Adam and Eve and Steve

Michael Van Duzer Reviews - Theater

In Chandler Warren and Wayne Moore’s amiable new musical Adam & Eve and Steve, Eden was a little more populated than we’ve been told. An enthusiastically competitive Beelzebub throws a wrench into God’s plans by making sure that Adam’s first encounter with another human is Steve, not the intended Eve. The two become fast friends, though Steve definitely wants more. The balance of the slight plot finds a determined Eve resolutely staking her claim as Adam dithers between potential mates and Beelzebub quarrels with God.

Warren’s joke-filled book makes Genesis a cartoon, though definitely of the Adult Swim variety. The characters, particularly the flamboyant Steve, are buoyantly unapologetic stereotypes. Late into the 90-minute show, the script stumbles a bit as it moves into more heartfelt territory, but Ronnie Marmo’s tight direction smooths the stylistic switch. Warren’s notes indicate that the show was written some time ago, and the updated cultural references don’t completely mask the show’s feel of over-familiarity. This is exacerbated by some musical theater echoes which are hard to ignore—Beelzebub conjures Damn Yankees’ Mr. Applegate, while some of Eve’s early moments recall The Apple Tree. Moore’s score is bright and buoyant with attractive, if not particularly memorable, melodies.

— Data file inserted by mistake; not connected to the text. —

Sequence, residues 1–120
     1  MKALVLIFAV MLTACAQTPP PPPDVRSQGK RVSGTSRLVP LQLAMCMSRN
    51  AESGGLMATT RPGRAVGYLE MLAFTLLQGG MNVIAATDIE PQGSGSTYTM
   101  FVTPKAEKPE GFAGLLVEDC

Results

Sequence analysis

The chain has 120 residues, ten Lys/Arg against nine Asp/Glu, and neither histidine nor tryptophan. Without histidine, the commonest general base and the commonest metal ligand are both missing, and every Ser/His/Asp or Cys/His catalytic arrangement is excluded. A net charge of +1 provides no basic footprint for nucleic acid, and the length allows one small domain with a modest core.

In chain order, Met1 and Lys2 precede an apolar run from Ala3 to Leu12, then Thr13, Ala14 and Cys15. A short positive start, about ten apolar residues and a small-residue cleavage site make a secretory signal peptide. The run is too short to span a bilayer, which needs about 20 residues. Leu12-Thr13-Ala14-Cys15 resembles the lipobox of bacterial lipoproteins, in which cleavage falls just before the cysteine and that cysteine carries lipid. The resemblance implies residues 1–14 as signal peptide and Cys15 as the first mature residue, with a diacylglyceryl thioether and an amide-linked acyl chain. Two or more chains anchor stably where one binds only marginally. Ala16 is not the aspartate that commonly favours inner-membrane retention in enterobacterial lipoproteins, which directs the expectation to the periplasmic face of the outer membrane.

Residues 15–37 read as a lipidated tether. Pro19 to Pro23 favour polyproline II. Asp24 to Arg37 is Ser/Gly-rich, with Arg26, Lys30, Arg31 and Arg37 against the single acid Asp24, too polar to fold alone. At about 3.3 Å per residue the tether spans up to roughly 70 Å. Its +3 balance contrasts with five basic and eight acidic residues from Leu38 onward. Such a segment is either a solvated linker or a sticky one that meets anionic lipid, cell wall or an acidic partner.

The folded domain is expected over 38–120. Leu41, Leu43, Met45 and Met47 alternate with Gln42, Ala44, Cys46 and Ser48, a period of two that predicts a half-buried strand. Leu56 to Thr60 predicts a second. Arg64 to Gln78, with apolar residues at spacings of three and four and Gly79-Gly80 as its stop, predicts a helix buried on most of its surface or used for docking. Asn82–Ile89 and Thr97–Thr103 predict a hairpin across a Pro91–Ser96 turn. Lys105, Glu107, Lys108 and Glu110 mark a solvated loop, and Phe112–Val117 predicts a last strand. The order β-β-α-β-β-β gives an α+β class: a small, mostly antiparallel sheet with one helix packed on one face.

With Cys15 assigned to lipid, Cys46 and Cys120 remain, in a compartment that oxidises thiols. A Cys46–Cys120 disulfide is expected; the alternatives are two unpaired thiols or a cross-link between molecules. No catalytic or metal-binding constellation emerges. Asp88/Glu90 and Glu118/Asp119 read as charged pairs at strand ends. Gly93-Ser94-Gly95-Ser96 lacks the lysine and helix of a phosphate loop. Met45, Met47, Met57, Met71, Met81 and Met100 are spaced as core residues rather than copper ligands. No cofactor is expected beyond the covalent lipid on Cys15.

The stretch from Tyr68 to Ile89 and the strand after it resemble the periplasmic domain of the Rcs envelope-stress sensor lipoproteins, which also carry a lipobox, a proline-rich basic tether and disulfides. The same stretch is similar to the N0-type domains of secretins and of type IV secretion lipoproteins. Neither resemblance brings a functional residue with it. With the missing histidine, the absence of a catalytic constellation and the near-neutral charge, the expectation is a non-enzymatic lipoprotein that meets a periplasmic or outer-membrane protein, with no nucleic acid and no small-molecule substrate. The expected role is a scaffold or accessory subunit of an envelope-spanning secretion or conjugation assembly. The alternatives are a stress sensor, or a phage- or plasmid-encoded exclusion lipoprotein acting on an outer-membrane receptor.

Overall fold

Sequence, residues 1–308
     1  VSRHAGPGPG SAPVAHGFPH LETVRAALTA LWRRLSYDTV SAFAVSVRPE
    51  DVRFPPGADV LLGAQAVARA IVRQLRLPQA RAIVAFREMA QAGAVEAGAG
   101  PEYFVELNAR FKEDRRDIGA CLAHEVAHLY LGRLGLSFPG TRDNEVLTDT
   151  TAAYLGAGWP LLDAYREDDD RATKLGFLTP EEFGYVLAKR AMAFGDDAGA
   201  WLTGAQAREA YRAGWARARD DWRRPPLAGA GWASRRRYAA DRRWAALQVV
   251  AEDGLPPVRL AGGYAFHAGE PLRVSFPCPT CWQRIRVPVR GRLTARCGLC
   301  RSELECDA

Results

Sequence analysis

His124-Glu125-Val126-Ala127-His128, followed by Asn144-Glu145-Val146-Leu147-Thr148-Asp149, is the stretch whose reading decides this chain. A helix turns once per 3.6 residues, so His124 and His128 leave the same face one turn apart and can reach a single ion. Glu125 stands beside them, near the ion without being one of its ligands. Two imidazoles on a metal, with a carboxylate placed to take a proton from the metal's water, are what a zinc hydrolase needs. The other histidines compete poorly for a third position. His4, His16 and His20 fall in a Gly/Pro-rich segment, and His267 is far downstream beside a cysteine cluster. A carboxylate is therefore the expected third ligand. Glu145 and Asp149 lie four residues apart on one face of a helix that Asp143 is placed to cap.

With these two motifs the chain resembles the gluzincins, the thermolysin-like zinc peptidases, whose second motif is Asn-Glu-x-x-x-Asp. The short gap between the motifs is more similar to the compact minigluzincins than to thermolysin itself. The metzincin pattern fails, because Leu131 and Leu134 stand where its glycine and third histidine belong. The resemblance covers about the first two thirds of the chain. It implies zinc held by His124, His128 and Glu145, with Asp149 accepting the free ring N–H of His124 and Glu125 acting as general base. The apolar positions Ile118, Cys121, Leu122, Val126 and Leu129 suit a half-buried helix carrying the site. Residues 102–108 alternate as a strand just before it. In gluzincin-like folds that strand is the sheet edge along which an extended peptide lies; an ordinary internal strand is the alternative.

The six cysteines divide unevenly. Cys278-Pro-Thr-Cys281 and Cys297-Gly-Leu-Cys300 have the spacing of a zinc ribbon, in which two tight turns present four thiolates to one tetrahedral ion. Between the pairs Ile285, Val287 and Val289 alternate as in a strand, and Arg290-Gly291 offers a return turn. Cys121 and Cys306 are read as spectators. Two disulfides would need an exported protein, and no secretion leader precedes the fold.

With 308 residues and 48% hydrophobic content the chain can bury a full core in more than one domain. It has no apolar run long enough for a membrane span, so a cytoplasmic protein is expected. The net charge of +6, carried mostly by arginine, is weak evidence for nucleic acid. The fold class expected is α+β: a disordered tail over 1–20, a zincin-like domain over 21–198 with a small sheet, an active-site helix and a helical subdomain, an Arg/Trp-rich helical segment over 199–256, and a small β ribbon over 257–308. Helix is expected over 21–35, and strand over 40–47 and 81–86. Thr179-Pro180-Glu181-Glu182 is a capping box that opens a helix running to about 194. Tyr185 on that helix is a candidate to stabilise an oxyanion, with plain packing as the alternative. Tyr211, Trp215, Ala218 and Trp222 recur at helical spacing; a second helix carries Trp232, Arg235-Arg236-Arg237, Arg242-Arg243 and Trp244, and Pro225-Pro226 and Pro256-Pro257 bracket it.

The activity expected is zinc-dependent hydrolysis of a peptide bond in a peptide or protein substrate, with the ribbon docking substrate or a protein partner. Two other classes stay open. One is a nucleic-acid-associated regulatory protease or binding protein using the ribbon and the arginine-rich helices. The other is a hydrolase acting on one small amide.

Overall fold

The main reason to see Adam & Eve and Steve is to hear the strong-voiced cast fill the theater without any need for amplification. Weton Nathanson is an appropriately truculent Beelzebub, while William Knight’s stentorian God makes us wish he had more onstage time. Michael Spaziani makes an attractive and endearingly bewildered Adam with a potent bari-tenor sound. Jotape Lockwood cheerfully throws himself into even the hoariest of Steve’s clichés and sings with assurance. Kelley Dorney is a vibrant and mischievous Eve, who ably steals every scene she is in. Her rich and expressive voice is the vocal highlight amongst a musically plush group of performers.

NoHo Arts Center   July 10 – August 30, 2015